Effective February 25, 2019, the San Francisco Rent Ordinance has been amended to prohibit a landlord from attempting to evict a tenant by imposing a bad faith rent increase with the intent to defraud, intimidate, or coerce the tenant into vacating his or her unit.
This amendment is included in Section 37.10B of the San Francisco Rent Ordinance – the section that titled Tenant Harassment – which describes fourteen categories of prohibited acts of the landlord that, if done in bad faith, constitute illegal and actionable harassment.
Previously, Section 37.10B(a)(6) prohibited a landlord or landlord agent from doing the following in bad faith: “Influenc[ing] or attempt[ing] to influence a tenant to vacate a rental housing unit through fraud, intimidation or coercion”.
After the amendment, Section 37.10B(a)(6) prohibits a landlord or landlord agent from doing the following in bad faith: “Influenc[ing] or attempt[ing] to influence a tenant to vacate a rental housing unit through fraud, intimidation or coercion; for example and without limitation, by endeavoring to recover possession of a rental unit as defined in Section 37.2(r)(7) by means of a rent increase that is imposed with an intent to defraud, intimidate, or coerce the tenant into vacating the rental unit in circumvention of Section 37.9(a), 37.9A, 37.9B, or 37.9C, in which case evidence of bad faith may include but is not limited to the following: (1) the rent increase was substantially in excess of market rates for comparable units; (2) the rent increase was within six months after an attempt to recover possession of the unit; and (3) such other factors as a court or the Rent Board may deem relevant.”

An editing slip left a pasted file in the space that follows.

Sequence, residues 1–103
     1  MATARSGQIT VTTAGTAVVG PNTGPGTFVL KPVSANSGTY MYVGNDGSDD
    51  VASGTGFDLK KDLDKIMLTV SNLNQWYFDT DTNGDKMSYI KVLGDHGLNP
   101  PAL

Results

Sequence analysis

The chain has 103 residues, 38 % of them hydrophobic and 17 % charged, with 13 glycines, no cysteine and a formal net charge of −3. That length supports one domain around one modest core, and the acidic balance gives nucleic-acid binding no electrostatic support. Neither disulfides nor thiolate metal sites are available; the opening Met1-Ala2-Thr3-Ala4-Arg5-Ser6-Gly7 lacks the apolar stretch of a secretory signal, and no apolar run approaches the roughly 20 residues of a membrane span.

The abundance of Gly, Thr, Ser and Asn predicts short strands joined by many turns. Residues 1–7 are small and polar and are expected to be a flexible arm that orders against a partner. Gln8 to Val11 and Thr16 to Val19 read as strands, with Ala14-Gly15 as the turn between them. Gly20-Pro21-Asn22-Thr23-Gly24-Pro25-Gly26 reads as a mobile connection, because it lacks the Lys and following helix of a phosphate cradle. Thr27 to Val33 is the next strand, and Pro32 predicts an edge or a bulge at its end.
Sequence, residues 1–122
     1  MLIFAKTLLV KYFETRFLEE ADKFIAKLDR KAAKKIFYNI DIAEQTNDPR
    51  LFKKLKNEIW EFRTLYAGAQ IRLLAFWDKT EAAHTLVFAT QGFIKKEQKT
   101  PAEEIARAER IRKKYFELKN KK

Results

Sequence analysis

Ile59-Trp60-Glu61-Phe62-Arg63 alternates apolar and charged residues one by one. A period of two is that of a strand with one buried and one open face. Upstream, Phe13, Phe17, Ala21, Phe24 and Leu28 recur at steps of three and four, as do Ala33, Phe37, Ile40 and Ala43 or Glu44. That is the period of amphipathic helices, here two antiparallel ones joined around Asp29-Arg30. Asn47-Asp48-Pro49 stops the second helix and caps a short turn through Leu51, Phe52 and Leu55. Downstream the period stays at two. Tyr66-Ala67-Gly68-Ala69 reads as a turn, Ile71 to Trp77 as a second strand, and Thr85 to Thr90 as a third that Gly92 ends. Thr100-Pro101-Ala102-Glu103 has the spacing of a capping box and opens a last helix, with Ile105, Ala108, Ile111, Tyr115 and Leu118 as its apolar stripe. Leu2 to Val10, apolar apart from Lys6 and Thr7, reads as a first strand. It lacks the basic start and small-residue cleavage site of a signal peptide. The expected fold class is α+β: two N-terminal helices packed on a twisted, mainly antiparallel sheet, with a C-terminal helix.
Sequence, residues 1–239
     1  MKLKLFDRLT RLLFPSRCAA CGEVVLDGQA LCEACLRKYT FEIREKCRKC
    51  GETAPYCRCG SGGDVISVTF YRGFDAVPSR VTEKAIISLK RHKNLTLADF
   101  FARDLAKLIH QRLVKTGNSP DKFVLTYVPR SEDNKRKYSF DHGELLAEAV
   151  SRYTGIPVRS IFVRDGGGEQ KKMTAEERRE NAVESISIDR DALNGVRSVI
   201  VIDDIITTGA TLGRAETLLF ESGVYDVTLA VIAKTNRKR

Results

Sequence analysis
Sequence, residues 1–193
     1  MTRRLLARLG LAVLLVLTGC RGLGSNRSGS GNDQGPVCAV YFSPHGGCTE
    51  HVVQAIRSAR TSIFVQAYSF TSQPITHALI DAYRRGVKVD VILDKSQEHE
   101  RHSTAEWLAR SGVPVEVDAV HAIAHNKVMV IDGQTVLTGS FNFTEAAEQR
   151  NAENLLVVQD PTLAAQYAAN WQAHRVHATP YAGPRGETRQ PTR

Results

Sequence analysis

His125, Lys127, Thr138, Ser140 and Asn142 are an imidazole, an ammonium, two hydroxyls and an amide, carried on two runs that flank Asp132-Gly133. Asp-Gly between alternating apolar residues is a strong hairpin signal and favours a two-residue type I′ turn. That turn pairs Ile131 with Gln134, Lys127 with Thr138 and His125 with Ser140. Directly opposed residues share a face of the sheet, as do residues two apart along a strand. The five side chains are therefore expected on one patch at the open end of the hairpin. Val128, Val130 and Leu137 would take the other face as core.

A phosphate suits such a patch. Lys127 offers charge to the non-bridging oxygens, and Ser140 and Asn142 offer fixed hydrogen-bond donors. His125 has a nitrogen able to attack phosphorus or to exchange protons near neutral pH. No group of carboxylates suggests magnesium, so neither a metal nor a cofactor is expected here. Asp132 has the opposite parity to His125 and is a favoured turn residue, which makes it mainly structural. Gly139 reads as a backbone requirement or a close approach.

This expansion of prohibited acts is intended to prevent a landlord from circumventing the eviction protections of the San Francisco Rent Ordinance by imposing an unlimited rent increase. For example, in San Francisco, tenants in single family homes and condos built prior to June 13, 1979 typically have eviction protections but not rent control. Thus, a landlord could not evict the tenant without just cause, but could impose a huge rent increase for the purpose of evicting the tenant. This often occurred if a landlord wanted to sell the property without tenants. Under the new amendment, a tenant will have a chance to fight such a rent increase by either suing the landlord for harassment in violation of Section 37.10B or asserting the affirmative defense in the unlawful detainer that the landlord committed harassment in violation of Section 37.10B.
A tenant lawsuit against his or her landlord for harassment in violation of San Francisco Rent Ordinance section 37.10B is a powerful way to hold bad landlords accountable for their illegal acts. A tenant can recover three times his or her actual damages for harassment, or a penalty of $1,000 per violation, whichever is greater. In the typical case, this means that the tenant’s damages will be automatically trebled. A tenant can also seek injunctive relief (for example, the court can order the landlord to cease the harassing acts). The tenant can also be awarded punitive damages. And finally, a prevailing tenant, but not a prevailing landlord, can recover his or her attorney fees in the lawsuit.
The complete San Francisco Rent Ordinance, including the new amendment, can be viewed here.